The response on the part of high-profile liberals and leftists has been to blame “identity politics” for undermining the potential for working-class solidarity. Mark Lilla’s New York Times screed, “The End of Identity Liberalism,” is a case in point. “In recent years,” writes Lilla, “American liberalism has slipped into a kind of moral panic about racial, gender and sexual identity that has distorted liberalism’s message and prevented it from becoming a unifying force capable of governing.” The result is a “generation of liberals and progressives narcissistically unaware of conditions outside their self-defined groups, and indifferent to the task of reaching out to Americans in every walk of life.” In other words, people of color, queer folks, feminist-minded women, and liberal Democrats alienated the white working class, driving it into the arms of Trump.
Movements associated with “identity liberalism” are not exclusionary, they are serious efforts to interrogate the sources and structures of inequality.
The argument is both inept and confused. The movements associated with “identity liberalism” have not been obsessed with narrow group identities but with forms of oppression, exclusion, and marginalization. And these movements are not exclusionary—not Black Lives Matter, not prison abolitionists, not movements for LGBTQ, immigrant, Muslim, and reproductive rights. They are serious efforts to interrogate the sources of persistent inequality, the barriers to equal opportunity, and the structures and policies that do harm to some groups at the expense of others.
Of course, Lilla’s arguments are hardly new. At the height of the culture wars, conservatives such as Gertrude Himmelfarb, William Bennett, and Lynne Cheney; liberals such as Arthur Schlesinger and Allan Bloom; and self-styled leftists such as Todd Gitlin and Michael Tomasky argued that identity politics had undermined a unified America founded on Enlightenment principles of individualism, liberty, and secularism. A number of pundits have called Richard Rorty’s Achieving Our Country (1998) prophetic because it warns that continued downward mobility of the white working class and growing income inequality would lead to the rise of a strongman with authoritarian tendencies. Rorty’s thesis was not a critique of neoliberal policies, however, but a critique of the academic left and its love affair with identity politics. “Nobody is setting up a program in unemployed studies, homeless studies, or trailer-park studies,” Rorty laments, “because the unemployed, the homeless, and the residents of trailer parks are not ‘other’ in the relevant sense.” Anyone who works on these issues at the university—then and now—will find Rorty’s assertion laughable.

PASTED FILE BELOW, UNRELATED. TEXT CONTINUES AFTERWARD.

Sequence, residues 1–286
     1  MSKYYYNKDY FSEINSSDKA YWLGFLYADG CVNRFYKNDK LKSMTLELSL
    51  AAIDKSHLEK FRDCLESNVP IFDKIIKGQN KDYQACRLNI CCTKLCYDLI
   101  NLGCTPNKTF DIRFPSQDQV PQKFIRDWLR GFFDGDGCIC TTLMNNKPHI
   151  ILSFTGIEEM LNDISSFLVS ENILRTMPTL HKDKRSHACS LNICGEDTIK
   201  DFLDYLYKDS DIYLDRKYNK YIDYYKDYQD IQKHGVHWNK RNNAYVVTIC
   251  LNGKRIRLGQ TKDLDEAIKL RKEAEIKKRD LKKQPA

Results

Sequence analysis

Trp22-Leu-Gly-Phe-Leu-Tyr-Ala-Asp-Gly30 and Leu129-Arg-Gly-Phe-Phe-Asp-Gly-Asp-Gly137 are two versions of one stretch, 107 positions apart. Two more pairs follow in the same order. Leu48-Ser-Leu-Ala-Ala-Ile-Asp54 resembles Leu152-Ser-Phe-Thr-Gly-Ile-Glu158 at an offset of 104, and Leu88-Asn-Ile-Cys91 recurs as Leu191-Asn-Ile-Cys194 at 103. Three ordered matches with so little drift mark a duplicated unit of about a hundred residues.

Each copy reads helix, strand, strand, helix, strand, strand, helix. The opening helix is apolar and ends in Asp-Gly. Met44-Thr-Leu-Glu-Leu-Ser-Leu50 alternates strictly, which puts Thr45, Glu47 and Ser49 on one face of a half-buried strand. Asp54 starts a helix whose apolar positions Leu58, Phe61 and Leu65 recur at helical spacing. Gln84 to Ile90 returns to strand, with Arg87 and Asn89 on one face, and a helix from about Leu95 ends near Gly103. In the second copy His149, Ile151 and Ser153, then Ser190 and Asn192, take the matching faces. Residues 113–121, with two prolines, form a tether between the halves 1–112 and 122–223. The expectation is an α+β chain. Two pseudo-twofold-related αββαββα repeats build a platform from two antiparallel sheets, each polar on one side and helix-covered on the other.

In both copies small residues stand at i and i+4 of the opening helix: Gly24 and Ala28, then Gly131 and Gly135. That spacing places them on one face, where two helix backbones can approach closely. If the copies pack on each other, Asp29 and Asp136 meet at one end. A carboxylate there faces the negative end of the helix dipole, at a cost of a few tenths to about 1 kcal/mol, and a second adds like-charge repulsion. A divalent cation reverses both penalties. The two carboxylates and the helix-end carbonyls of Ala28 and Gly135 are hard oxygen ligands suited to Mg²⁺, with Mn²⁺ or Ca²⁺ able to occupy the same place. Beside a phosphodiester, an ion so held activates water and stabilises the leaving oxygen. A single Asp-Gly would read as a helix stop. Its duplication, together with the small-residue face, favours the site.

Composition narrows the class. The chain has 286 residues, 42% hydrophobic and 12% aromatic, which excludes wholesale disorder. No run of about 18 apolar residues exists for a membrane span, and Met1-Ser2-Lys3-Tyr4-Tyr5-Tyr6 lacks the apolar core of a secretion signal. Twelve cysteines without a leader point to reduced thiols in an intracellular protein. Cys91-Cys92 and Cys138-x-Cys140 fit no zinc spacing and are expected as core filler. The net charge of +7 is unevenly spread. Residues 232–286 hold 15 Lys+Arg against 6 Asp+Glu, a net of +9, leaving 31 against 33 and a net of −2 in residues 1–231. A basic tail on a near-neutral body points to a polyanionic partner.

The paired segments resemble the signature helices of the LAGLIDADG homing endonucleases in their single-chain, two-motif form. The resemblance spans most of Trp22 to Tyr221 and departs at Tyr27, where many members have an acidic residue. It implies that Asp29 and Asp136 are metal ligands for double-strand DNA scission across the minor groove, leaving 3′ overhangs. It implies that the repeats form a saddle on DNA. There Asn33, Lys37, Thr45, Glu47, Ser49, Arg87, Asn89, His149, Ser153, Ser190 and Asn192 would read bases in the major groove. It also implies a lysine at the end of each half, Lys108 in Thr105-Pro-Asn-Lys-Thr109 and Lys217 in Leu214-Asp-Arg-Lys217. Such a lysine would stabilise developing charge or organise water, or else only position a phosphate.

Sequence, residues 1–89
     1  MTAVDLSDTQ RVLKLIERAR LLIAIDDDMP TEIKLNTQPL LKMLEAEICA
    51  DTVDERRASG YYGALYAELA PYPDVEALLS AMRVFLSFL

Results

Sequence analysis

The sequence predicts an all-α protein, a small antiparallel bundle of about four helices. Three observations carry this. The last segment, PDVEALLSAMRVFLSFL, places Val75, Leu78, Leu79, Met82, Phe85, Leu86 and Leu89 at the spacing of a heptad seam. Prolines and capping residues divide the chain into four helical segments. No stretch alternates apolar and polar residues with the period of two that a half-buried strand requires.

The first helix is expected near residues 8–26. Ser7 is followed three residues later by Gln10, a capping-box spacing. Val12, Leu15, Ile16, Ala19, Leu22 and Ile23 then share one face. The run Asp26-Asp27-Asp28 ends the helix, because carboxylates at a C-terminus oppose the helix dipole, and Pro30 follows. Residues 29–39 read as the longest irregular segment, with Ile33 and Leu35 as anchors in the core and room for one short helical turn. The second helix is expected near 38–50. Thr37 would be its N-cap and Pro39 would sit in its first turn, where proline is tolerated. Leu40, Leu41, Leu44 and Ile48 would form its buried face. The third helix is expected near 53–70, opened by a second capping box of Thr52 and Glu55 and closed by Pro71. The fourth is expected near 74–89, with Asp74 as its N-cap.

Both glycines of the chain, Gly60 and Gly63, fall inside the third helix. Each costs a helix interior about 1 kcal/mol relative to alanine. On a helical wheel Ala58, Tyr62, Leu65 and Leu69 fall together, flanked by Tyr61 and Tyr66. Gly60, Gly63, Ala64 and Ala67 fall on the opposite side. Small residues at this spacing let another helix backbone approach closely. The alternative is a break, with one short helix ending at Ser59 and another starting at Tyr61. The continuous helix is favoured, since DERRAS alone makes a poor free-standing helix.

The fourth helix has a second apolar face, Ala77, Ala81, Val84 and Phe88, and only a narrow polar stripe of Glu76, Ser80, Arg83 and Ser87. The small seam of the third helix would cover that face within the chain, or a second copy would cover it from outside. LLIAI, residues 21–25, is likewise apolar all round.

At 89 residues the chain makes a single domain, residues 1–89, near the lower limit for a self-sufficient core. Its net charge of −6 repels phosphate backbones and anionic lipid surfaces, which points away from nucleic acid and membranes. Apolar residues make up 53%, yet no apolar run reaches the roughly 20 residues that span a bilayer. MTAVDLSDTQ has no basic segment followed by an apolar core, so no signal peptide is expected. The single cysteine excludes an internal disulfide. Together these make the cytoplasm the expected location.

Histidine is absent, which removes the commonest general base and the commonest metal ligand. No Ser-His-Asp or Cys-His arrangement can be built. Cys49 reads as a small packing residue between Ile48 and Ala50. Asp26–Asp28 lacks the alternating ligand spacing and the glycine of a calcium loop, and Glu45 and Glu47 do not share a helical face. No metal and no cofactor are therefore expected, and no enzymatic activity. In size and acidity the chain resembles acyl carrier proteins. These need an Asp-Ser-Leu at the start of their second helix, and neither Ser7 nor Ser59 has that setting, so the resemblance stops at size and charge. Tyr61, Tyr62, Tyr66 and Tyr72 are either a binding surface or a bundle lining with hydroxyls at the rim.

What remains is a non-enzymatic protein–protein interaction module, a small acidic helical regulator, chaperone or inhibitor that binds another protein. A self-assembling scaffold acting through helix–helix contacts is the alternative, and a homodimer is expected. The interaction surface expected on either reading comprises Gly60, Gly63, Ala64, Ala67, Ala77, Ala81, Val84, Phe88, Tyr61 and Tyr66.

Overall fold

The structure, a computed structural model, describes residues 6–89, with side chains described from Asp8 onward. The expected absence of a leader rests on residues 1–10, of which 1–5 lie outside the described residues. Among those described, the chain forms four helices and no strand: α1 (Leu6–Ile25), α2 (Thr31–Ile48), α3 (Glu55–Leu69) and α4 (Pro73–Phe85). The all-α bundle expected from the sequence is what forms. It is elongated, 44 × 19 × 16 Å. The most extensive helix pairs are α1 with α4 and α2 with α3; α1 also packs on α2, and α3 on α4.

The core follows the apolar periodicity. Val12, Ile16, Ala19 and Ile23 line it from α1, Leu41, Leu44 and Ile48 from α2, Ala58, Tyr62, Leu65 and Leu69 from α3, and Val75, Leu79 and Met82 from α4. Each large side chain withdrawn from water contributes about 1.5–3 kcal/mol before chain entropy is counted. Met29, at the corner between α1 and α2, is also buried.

Rorty, a brilliant philosopher with genuine concern for working people, nevertheless mistook ideology—a categorical opposition to racism, sexism, homophobia, institutional oppression, and marginalization based on difference—for “identity politics,” while presuming that the white working class is operating purely out of race- and gender-neutral economic interests.
More conservative critics of identity politics sought to rescue Western culture from its anti-racist, feminist, and post-colonial critics. In his famous attack on multiculturalism, Arthur Schlesinger writes, “it was the West, not the non-Western cultures, that launched the crusade to abolish slavery. . . . Those many brave and humane Africans who are struggling these days for decent societies are animated by Western, not by African, ideals. White guilt can be pushed too far.” So far, in fact, that “political correctness” has been perceived as an attack on intellectual freedom and American virtues.
Robinson likened such antinomies to Christian attacks on heresy during the Middle Ages. In a short essay titled “Multiculturalism and Manichaeism,” he acknowledges what many critics of so-called “political correctness” understood: that the Schlesingers and Blooms and their compatriots across the ideological spectrum are holding on to “an imaginary transcendent universal culture—the West,” a nostalgia for a university that never was, and a mythic American identity presumably forged through an enlightened process of deracination. But Robinson knew there was more at stake. “They wish to erase the exposed seam,” he writes, “the nexus between power and regimes of knowledge so forcefully articulated by Michel Foucault. How else can one defend their specious histories of knowledge, which invoke some pristine mythical moment in the life of the American academy?”
This is not to say that Robinson’s defense of multiculturalist discourse was uncritical. He pointed to the dangers of an essentialism that reduces complex, historical experiences to fixed, discrete racial, ethnic, and gender identities. And to the left’s claim that Marxism is our way out of the Manichean world of fixed difference versus false universalism, Robinson politely demurred, citing arguments he made in Black Marxism a decade earlier. What he proposes instead is that a radical impulse in multiculturalism constitutes both a critique of the absences and an appropriation of the positive contributions of Marxism. We are not the subjects or the subject formations of the capitalist world-system. It is merely one condition of our being. . . . Multiculturalism, then, is a site of discursive resistance, and emblem of articulation of several trajectories of ‘objective’ opposition (religious, nationalist, feminist, etc.) mounted by our peoples in the everyday world.